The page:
[ExI] Bad news for US customers of Intrade
rafal.smigrodzki at gmail.com
Sat Dec 1 20:20:04 UTC 2012
On Sat, Dec 1, 2012 at 11:50 AM, Adrian Tymes <atymes at gmail.com> wrote:
> Eh, a quick explanation, but if you still do not understand
> after this one then you're probably not worth any further
> On Sat, Dec 1, 2012 at 12:47 AM, Rafal Smigrodzki
> <rafal.smigrodzki at gmail.com> wrote:
>> On Fri, Nov 30, 2012 at 2:17 AM, Adrian Tymes <atymes at gmail.com> wrote:
>>> On Thu, Nov 29, 2012 at 10:31 PM, Rafal Smigrodzki
>>> <rafal.smigrodzki at gmail.com> wrote:
>>>> you demand that bureaucrats
>>>> have to control individual securities trades rather than letting
>>>> market participants make their own decisions. In your world people
>>>> have to act through gatekeepers of power (elected officials, unelected
>>>> bureaucrats) rather than through individual acts of trade.
>>> You have been claiming that my support for any degree
>>> of law and regulation, means that I support total law and
>>> no individual choice. For instance, see the above-quoted
>> ### Adrian, you need to read an adversary's statement attentively,
>> before giving a hasty reply. Where in the above statement do you find
>> the word "total" or other related quantifiers ("only", "all", "none")?
> "Rather than" is the qualifier here, as if only X or Y is possible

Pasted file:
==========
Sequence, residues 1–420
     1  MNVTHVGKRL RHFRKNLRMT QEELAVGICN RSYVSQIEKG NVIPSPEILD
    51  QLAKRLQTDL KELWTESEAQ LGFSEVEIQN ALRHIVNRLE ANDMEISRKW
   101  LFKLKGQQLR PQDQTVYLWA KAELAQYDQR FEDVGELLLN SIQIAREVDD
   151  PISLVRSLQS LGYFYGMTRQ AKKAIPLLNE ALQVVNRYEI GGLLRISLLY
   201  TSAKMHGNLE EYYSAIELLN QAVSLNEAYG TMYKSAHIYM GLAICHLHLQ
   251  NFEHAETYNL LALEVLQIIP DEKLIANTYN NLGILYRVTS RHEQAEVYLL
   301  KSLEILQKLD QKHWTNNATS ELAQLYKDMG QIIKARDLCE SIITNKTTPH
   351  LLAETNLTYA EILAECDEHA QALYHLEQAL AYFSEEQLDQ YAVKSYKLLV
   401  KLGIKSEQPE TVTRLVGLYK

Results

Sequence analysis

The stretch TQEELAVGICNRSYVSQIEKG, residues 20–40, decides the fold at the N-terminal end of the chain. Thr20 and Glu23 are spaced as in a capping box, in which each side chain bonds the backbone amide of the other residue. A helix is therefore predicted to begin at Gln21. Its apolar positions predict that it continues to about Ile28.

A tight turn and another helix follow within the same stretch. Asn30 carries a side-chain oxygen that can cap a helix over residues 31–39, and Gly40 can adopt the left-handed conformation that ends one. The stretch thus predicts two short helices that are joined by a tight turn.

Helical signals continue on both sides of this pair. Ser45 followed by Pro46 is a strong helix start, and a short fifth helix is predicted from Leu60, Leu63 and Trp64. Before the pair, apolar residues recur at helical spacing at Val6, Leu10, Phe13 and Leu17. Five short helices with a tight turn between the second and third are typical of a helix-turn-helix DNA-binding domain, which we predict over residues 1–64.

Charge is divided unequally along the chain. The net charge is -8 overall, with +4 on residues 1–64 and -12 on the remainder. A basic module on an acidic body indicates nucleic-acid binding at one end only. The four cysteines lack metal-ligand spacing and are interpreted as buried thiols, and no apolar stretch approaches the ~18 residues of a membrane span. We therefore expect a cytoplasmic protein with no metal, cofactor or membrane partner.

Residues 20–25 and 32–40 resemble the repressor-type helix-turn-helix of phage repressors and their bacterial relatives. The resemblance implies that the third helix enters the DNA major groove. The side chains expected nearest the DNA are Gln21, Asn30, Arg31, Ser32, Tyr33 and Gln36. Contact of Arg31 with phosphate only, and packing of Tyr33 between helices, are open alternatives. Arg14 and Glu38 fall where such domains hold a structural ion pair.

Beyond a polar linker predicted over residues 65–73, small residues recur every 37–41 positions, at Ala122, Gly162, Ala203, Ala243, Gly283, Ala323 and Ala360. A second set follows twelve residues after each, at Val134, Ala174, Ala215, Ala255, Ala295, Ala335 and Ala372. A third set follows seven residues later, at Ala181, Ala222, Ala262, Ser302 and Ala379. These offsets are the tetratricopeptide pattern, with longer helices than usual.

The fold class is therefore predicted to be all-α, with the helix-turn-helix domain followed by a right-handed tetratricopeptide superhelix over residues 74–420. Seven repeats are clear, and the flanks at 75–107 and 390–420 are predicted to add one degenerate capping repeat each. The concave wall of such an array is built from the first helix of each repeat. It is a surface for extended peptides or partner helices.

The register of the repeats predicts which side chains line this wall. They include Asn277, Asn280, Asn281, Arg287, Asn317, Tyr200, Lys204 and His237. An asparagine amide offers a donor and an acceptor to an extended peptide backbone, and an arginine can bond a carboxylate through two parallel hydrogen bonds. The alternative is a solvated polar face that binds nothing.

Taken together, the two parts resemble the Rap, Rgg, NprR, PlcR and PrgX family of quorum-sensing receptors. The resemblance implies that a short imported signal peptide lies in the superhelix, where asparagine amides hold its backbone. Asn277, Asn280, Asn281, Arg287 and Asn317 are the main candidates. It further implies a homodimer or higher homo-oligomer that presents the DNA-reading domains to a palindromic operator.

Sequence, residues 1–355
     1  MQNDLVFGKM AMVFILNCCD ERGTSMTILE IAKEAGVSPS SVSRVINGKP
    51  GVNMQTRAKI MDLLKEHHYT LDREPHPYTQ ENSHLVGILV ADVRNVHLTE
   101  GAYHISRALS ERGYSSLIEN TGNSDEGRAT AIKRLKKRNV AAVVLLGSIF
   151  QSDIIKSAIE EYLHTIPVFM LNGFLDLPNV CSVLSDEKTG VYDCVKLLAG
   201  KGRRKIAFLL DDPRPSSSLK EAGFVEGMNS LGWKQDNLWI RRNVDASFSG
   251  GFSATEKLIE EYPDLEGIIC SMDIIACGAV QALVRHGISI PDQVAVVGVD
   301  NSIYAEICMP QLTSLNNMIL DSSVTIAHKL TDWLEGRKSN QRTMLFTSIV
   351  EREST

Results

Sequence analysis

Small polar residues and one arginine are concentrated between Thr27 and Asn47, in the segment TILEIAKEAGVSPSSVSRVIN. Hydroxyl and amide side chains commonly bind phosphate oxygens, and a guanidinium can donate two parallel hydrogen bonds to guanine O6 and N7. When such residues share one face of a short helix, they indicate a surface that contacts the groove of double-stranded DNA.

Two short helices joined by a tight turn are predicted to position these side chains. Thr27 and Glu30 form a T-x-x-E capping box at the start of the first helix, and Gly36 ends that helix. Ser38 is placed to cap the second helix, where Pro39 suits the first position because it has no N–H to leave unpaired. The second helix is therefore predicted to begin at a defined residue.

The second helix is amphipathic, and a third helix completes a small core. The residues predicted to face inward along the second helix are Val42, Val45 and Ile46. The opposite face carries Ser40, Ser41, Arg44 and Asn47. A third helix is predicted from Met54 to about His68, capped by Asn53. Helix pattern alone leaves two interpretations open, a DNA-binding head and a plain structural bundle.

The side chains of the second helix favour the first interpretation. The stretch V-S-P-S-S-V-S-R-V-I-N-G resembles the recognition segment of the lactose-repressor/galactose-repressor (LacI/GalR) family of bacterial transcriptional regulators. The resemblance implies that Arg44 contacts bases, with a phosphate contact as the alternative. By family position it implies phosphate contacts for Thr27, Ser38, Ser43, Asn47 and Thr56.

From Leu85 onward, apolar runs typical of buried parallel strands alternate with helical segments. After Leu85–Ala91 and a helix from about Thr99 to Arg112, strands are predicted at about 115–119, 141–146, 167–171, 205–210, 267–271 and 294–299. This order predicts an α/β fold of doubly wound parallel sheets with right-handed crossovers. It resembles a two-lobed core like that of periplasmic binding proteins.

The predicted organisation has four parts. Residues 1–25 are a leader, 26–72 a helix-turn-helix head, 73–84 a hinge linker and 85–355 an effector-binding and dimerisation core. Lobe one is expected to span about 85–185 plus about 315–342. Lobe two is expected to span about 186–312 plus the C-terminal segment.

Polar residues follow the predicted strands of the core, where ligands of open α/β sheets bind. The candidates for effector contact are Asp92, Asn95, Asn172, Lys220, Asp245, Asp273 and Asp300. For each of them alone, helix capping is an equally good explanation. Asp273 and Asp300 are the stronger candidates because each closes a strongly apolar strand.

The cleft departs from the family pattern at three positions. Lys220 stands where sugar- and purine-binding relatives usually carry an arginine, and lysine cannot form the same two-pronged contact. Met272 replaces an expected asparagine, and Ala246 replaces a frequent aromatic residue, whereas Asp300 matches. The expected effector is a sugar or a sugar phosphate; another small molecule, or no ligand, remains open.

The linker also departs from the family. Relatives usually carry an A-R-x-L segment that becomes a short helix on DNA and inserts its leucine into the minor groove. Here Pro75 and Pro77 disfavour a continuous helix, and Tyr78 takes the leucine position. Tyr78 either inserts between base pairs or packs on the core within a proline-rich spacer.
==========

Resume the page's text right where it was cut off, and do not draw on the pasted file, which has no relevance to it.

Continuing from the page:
> rather than partial X and partial Y.
### Seriously? Let's have a vote: Anybody else possibly reading this,
especially native English speakers, please weigh in - does the word
"rather" in the paragraph quoted above (starting with "you demand that
bureaucrats...."), used there twice without an absolute qualifier
(such as "always", "only", "exclusively") actually act as an absolute
qualifier on its own?
But, in case nobody reads it, here is for you Adrian a reference to an
English dictionary, explaining the meaning of "rather":
If interested I can also supply you with the definition of "is", the
word that many philosophers and at least one president foundered on.
> No. I give you what you need to understand. I do not have
> unlimited time to re-explain every point to you as many times
> as it takes, and I have already spent multiple hours on this.
> That is why you are not worth any further reply if you still
> don't understand after this letter.
### The online dictionary thinks I do understand, quite well.
>> Interesting choice of pronoun - "we". In this very same sentence I
>> would have inserted "they".
> Like it or not, you live under the same government I do,
> therefore "we" are under the same government and
> suffer its controls.
### You missed my veiled insinuation, so let me explain me in greater detail:
The last subordinate clause in the sentence you wrote "This is but one
example where I have not, in fact, taken the side of more government
control than what we have now" (the clause "what we have now") can be
modified to refer to either of two subjects - the government or the
people. I would have chosen the former referent, expressing my feeling
that the government is an extraneous entity ("what *they* have now").
You chose "we" - as if identifying with the government (you +
government = we), or merging the government and the people (the people
+ government = we).
Just thought this might be a Freudian glimpse.
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